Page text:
“The correct mindset for reaching veterans must transition to a no-wrong- door approach,” Davis said. “This can and should be created through localized, national training by VA, veterans’ advocates and other experts to all members of local communities. These newly created veteran-friendly communities would have the tools to make referrals to the proper resources, whether a veteran walks into a rectory, a tax assessor’s office or is pulled over during a traffic stop.”
VA focuses so much on hot-button trauma issues that it loses sight of more overwhelming needs that veterans have in a community, explained Chaplain John Morris of the Minnesota National Guard.
“VA suffers under the perception of being an isolated institution, and it has a stigma — from the loss of laptops to compromises of our security to homeless veterans who commit suicide. It really affects the community’s view of VA,” Morris said. “And that institutionalism in VA is a problem, and it keeps VA inside its building and not in the community sharing its knowledge with us.
“I think, unfortunately, this steady mantra about PTSD [rates at] 25% [creates] an impression that VA is the only institution that can solve combat trauma, and that all veterans have it,” he said.
In his experience in Minnesota, however, lack of mental healthcare is not a problem.
“Minnesota is the land of 10,000 chemical and mental-health treatment centers. We like it say it’s 10,000 lakes, but it’s treatment centers,” Morris said. “Plenty of people want to help us with mental health. That’s not our biggest problem. And we’re caught in a loop between VA and Congress trumpeting a problem, when the bigger problem is underfunded and under-addressed — and that’s the double-digit unemployment rate among veterans.”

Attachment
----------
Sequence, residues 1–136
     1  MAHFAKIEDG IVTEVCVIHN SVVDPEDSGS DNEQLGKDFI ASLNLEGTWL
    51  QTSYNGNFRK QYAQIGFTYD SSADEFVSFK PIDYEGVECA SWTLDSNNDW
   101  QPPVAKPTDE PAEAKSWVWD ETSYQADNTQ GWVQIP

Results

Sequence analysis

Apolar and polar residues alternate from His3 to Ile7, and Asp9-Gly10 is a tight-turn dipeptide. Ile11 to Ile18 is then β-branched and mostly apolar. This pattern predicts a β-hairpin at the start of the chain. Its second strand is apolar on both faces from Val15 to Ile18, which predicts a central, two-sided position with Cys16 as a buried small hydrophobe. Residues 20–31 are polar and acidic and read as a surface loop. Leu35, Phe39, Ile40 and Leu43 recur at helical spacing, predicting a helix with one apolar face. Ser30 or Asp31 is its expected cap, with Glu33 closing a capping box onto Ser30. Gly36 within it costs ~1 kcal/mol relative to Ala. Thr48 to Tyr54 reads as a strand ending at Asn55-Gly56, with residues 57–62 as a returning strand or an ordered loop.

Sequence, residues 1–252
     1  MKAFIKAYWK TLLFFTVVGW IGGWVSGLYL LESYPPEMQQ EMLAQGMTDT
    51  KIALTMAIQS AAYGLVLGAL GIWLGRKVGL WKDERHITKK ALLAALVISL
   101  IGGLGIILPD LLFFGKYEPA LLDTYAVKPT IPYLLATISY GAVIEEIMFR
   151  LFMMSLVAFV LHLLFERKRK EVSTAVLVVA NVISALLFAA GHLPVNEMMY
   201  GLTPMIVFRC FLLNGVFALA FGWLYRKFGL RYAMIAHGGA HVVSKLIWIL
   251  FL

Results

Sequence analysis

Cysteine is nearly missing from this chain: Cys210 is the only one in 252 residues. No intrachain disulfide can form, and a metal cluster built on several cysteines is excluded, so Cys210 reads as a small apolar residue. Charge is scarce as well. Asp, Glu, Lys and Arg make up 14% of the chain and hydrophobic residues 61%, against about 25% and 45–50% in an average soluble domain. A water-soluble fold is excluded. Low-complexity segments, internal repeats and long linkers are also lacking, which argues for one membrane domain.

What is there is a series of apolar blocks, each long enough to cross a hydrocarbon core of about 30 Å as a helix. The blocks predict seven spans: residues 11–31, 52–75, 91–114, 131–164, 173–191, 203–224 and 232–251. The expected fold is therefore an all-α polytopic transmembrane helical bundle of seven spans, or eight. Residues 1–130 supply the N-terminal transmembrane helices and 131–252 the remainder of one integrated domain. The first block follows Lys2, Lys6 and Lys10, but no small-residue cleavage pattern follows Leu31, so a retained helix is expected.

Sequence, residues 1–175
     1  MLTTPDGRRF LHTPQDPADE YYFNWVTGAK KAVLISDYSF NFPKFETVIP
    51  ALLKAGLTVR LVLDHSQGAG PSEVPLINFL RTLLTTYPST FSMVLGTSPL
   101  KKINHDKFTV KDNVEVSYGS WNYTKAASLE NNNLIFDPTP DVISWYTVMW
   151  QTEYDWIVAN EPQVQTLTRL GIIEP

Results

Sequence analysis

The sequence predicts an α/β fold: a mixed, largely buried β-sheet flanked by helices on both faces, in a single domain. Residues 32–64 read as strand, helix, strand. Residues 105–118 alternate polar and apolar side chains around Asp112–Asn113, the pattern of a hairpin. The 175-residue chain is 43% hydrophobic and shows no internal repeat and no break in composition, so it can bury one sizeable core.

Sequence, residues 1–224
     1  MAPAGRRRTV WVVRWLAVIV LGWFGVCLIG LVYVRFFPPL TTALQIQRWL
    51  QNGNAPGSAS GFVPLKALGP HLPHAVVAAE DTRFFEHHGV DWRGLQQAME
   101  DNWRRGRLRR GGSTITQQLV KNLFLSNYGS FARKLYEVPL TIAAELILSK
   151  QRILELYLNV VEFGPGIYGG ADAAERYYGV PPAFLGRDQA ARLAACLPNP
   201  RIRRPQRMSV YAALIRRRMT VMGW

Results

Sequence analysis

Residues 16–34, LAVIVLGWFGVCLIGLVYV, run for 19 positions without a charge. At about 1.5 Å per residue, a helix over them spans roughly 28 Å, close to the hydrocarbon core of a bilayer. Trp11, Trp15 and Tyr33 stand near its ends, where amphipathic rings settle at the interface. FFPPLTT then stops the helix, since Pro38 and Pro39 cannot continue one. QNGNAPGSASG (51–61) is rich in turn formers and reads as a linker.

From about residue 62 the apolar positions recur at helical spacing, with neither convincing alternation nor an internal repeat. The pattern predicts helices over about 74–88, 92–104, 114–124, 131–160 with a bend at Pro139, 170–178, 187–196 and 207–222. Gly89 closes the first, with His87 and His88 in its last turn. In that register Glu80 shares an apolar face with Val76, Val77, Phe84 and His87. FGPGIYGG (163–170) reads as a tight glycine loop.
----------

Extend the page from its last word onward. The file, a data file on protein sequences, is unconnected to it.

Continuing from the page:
If VA were better at communicating with community organizations, they would have a better sense of what veterans in various communities actually needed, rather than assuming that a single solution will apply nationally, Morris said.
He cited having some success in partnering with VA on these issues in Minnesota, with training of local clergy, as well as National Guard chaplains and chaplain candidates, in clinical pastoral education. VA also has provided training for marriage and family therapists, as well as licensed social workers.
According to VA, 233 such training events have been held around the country — usually near VA medical centers — where faith-based and community advocates have been taught to identify readjustment challenges that veterans and their families face, including the psychological and spiritual effects of trauma. Local clergy also has been educated on understanding what PTSD and TBI are and to recognize symptoms among veterans who come to them.
For Morris, this is a good start, but it is only a start. “VA needs to recognize that it’s just one part of the reintegration process, and it’s not the most important part,” he said. “The community is the most important part.”